However, the 10-4 victory over the Pittsburgh Pirates on Sunday at Busch Stadium ultimately meant nothing, because St. Louis was eliminated from National League playoff consideration by San Francisco's 7-1 rout of the Los Angeles Dodgers that gave the Giants the second wild card.
"There are a lot of teams that are probably happy the St. Louis Cardinals aren't playing anymore," Matheny said. "I think this team had the potential of making a run deep into October."
Instead, St. Louis (86-76) will miss the playoffs for the first time since 2010, undone by too many September losses to losing teams such as the Milwaukee Brewers and Cincinnati Reds. The Cardinals won their final four games, but so did San Francisco, enabling the Giants to nurse a one-game edge to the finish line.
It was pretty obvious from the start that St. Louis wasn't going to get help from Los Angeles. Before the first inning ended, the Cardinals could look at the scoreboard in right field and see the Giants leading 2-0. A short time later, they saw San Francisco expanded its lead to 5-0.
St. Louis starter Adam Wainwright said the dugout noticed the lengthening odds.
"You could see it deflate a little bit," he said, "but you still had to believe you could do it."
Although St. Louis couldn't control the goings-on two time zones away, it could do something about its season finale, and did. A six-run rally in the bottom of the seventh snapped a 4-4 tie and enabled the Cardinals to reach 10 games over .500 for the first time in 10 attempts.
Stephen Piscotty's RBI single scored Yadier Molina to break the deadlock. An error by third baseman Jung Ho Kang on Jedd Gyorko's bases-loaded bouncer plated Piscotty. Randal Grichuk grounded a two-run double down the left field line.
But for all the Cardinals' explosive qualities on offense -- they led the National League with 225 homers, tied a major league record with 81 pinch hits and set a new big league mark with 17 pinch-hit homers -- St. Louis did just as much to hurt itself with inconsistent pitching and poor defense.
"It's very disappointing," shortstop Aledmys Diaz said. "You go to spring training every year with hopes of going to the World Series. But right now, we have to focus on the offseason."
It was a disappointing season on the other side of the field, too. Pittsburgh (78-83) missed the playoffs for the first time in four years, falling out of the wild-card picture by winning only 11 of their last 34 games.
"It's 41 years in the game," manager Clint Hurdle said of his feelings. "I honor the game, respect the game. I've also gotten very good at closing the book. It's time to close the book and go home."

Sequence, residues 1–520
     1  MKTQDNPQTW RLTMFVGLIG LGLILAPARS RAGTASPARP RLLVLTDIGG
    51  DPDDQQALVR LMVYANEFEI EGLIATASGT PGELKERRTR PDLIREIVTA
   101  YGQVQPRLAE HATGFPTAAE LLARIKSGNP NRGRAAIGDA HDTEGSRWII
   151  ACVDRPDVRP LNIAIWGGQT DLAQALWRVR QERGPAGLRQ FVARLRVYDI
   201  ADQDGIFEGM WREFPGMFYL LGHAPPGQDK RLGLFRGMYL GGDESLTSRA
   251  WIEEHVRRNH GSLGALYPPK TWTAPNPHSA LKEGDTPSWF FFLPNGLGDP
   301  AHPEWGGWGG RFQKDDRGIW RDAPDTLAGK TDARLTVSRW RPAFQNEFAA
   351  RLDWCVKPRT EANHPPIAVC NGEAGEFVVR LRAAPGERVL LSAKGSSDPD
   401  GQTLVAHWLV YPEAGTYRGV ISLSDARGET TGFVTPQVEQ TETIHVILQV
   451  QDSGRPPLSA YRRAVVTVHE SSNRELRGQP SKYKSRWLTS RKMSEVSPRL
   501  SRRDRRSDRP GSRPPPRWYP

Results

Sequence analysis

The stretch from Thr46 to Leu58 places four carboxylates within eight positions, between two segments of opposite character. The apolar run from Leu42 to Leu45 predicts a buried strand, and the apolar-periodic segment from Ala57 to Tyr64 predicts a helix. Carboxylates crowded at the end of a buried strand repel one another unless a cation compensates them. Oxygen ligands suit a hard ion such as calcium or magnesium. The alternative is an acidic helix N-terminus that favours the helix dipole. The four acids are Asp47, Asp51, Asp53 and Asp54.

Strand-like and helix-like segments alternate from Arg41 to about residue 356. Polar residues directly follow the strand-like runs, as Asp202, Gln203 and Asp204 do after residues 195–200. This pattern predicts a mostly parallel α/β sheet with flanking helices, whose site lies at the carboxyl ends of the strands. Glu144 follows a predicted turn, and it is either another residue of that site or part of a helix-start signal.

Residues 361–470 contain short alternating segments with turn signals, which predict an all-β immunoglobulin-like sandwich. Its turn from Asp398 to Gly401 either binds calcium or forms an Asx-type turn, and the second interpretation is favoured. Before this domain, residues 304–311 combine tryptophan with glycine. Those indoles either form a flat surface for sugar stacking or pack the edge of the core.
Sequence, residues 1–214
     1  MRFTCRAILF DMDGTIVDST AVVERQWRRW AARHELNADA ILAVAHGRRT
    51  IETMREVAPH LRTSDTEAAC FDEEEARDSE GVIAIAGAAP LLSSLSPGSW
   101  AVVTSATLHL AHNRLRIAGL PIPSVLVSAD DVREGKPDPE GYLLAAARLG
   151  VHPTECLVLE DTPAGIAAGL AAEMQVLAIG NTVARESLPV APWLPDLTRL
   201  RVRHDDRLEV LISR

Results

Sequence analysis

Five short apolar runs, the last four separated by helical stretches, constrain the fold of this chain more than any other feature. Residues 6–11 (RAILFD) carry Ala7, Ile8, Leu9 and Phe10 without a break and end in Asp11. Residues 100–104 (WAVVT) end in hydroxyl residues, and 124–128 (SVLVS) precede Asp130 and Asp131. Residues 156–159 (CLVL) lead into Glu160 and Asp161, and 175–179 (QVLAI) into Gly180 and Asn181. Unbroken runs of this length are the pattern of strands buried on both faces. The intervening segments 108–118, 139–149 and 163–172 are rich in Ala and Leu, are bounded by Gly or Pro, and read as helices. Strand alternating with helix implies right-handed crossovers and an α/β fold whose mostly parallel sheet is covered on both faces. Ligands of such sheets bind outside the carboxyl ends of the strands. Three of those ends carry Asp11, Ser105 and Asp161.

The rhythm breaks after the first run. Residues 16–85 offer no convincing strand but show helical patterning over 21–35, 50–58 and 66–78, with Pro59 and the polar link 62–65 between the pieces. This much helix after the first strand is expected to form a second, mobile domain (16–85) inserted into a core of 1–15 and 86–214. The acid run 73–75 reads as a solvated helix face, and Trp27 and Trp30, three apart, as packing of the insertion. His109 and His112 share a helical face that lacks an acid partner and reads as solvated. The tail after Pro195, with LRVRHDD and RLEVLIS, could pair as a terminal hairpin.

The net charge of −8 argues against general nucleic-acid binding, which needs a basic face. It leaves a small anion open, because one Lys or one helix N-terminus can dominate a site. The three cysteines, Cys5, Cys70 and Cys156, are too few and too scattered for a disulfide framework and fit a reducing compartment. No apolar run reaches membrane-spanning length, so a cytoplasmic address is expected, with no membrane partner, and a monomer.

Center fielder Andrew McCutchen, whom a Pittsburgh newspaper reported could be on the trading block this offseason, poked a two-run single to left in the fifth for a 2-1 Pirates lead. McCutchen, the 2013 NL Most Valuable Player, didn't put much stock in the rumors after the game.
"I'm under contract with them, right?" he said. "So that's the way I'm looking at it, but I don't align the stars. I'm not the person who controls all that."
Jonathan Broxton (4-2) picked up the win despite allowing a game-tying two-run homer to John Jaso in the seventh. Juan Nicasio (10-7) was tagged with the loss, giving up three runs without recording an out in the seventh.
Neither starter was involved in the decision. Pirates right-hander Ryan Vogelsong permitted five hits and a run in five innings, walking three and whiffing one. Wainwright pitched six innings, yielding six hits and two runs while issuing three walks and striking out eight.
Carpenter knocked in four runs, thanks largely to a three-run homer in the sixth, his 21st of the year.
NOTES: St. Louis' Yadier Molina caught his 146th game Sunday, the most by a Cardinals catcher since Ted Simmons donned the gear for 154 games in 1975. ... Pittsburgh RHP Ryan Vogelsong needed just one strikeout in Sunday's start to reach 900 for his career, and he got it in the third inning. ... St. Louis LF Matt Holliday got a curtain call in the ninth inning, starting the inning on defense and leaving after the first pitch so that the sellout crowd of 44,615 could give him a standing ovation. The Cardinals aren't likely to pick up his option for next year.